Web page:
Fortunately, progress is being made. U.S. Agency for International Development-funded programs such as Tetra Tech’s Water, Sanitation and Hygiene Finance — or WASH-FIN — are helping bridge the financing gap for infrastructure investment by developing and replicating commercially viable business models, establishing clear regulatory and governance structures, and increasing access to finance for improved and expanded WASH service delivery.

The U.S. government is also implementing a Global Water Strategy that seeks to expand access to sustainable and safe drinking water and sanitation services, strengthen water governance and financing, protect freshwater resources, and promote cooperation on shared waters.

Regional approaches are another source of development innovation and progress in water management. Although regional cooperation has proved difficult, regional approaches strengthen capacity and build partnerships and networks, promoting trust, confidence, and understanding of shared challenges. They also help foster the development and sharing of innovations and lessons learned.

For example, Water and Energy for Food’s regional innovation hubs support innovators with technical assistance, direct funding, and investment-matching services to introduce water-energy-food innovations.

Reuse of domestic and industrial wastewater also can help increase water availability as demand eventually outstrips supply in many countries. Recycled wastewater is particularly attractive as a potential source of water for agriculture. Although unregulated use of treated wastewater is discouraged, promising innovations in wastewater treatment are increasing supplies of high-quality effluent, which is a valuable resource for meeting agricultural and other nonpotable water demands.

An example is the USAID-funded Advanced Science & Partnerships for Integrated Resource Development Project, led by ME&A. It is piloting the use of recycled discharge water from fish farms for irrigation in Armenia’s Ararat Valley. This innovation has enormous potential for increasing agricultural productivity in areas where an industry using and discharging water competes with agriculture for limited groundwater reserves.

Lastly, desalination holds promise for reducing freshwater scarcity. The technique is widely used around the world for the production of freshwater. But desalination plants are relatively expensive to build and operate, even as these costs go down over time. A cheaper option worth exploring more widely is brackish water desalination. Brackish water is less salty than seawater, so it requires less energy to desalinate and therefore the process is less costly.

Research carried out by Massachusetts Institute of Technology indicates brackish groundwater is a substantial untapped resource for many water-limited parts of the world. Taking advantage of this resource, USAID has funded the construction of a large brackish water desalination plant in the Jordan Valley to augment the water supply for Amman, Jordan.

As the inexorable impacts of climate change, population growth, and urbanization continue to mount, many countries will confront water challenges that threaten human health, economic growth, and food security. The journey ahead will be fraught with challenges. Innovative approaches are needed to enhance governance and scale up the technological transformations and innovations necessary for affordable, safe, and secure water.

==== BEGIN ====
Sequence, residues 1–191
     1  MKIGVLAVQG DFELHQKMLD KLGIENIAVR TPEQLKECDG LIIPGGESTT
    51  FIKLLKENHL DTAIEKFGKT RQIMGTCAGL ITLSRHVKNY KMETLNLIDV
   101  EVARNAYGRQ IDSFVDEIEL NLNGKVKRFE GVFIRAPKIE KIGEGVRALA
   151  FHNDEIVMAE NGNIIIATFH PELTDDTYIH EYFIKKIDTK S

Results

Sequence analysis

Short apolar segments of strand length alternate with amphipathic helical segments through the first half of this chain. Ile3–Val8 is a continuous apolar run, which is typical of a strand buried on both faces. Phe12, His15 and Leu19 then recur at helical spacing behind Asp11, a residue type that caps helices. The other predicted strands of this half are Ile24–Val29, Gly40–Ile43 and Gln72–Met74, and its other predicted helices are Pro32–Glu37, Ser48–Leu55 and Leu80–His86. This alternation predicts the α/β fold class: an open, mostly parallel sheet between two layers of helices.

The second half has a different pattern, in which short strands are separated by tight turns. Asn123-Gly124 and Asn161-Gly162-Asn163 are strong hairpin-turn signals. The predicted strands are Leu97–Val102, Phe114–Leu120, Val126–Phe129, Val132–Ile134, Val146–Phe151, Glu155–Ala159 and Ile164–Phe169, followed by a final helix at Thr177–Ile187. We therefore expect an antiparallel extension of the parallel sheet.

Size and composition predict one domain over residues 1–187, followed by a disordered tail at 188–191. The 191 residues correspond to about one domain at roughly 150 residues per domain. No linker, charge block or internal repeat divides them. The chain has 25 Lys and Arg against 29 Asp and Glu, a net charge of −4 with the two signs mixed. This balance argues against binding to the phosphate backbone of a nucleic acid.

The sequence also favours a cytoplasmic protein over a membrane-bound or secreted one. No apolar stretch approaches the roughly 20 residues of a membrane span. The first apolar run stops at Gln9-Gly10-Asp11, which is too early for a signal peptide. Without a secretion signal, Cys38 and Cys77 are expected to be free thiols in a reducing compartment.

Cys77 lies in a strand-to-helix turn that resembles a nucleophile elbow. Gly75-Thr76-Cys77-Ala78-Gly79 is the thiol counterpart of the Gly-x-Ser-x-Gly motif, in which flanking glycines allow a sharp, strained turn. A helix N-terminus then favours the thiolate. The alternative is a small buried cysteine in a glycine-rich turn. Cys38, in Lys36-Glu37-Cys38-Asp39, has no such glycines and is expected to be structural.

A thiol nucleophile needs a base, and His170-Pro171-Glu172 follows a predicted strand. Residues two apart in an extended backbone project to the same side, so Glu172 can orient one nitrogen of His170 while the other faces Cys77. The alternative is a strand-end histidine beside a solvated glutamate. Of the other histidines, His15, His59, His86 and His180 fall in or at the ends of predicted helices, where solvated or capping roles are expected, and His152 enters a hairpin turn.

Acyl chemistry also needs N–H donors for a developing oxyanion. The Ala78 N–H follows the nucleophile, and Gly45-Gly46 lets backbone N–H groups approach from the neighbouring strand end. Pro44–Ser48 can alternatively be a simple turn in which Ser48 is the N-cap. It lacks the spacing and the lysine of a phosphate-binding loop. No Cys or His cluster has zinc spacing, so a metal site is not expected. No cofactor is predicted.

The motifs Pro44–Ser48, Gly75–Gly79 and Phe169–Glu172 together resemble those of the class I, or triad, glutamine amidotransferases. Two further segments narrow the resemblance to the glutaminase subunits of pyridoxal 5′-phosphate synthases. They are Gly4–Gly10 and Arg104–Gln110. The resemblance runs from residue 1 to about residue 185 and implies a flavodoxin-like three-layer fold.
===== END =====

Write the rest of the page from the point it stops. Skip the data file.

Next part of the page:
World Toilet Day 2021 Highlights Global Toilet Crisis

Today we celebrate World Toilet Day, a reminder to take action to ensure that everyone has a safe toilet by 2030. World Toilet Day is an official United Nations international observance day occurring annually on November 19. This year’s theme is “Valuing Toilets” highlighting the importance of sanitation and hygiene in driving improvements in public health, gender equality, education, economic development, and environmental protection.

World Toilet Day also brings attention to the 3.6 billion people living without access to safely managed sanitation. These 3.6 billion people often use unreliable, inadequate toilets or defecate in the open — in the streets, in the bushes and by rivers and other water sources — contaminating the water and soil that sustain human life. The crisis is most severe in parts of Africa and Asia facing extreme poverty and and a population boom.

Untreated human waste gets out into the environment and spreads deadly and chronic diseases. Sustainable sanitation systems, combined with the facilities and knowledge to practice good hygiene, are a strong defense against COVID-19 and future disease outbreaks.

World Toilet Day reminds us all that governments must work four times faster to ensure toilets for all by 2030. Every day, over 700 children under five years old die from diarrhea linked to unsafe water, sanitation, and poor hygiene.

For more information on this annual event occurring on November 19, visit the World Toilet Day website.

October 15 is Global Handwashing Day

October 15 is Global Handwashing Day, an annual global advocacy day to motivate and mobilize people around the world to improve their handwashing habits.

Formerly called “Public Private Partnership for Handwashing” (PPPHW), the day was established in 2008 as a way to design, test, and replicate creative ways to encourage people to wash their hands with soap at critical times during the day to prevent disease.

Steering Committee members include the U.S. Agency for International Development, the Water and Sanitation Programme at the World Bank, UNICEF, The London School of Hygiene and Tropical Medicine, FHI 360, Procter & Gamble, Unilever, University at Buffalo, and the Water Supply and Sanitation Collaborative Council.

For more information, please visit the Global Handwashing Partnership website.

ASPIRED’s Work Curbing Over Extraction of Groundwater in Armenia’s Ararat Valley Showcased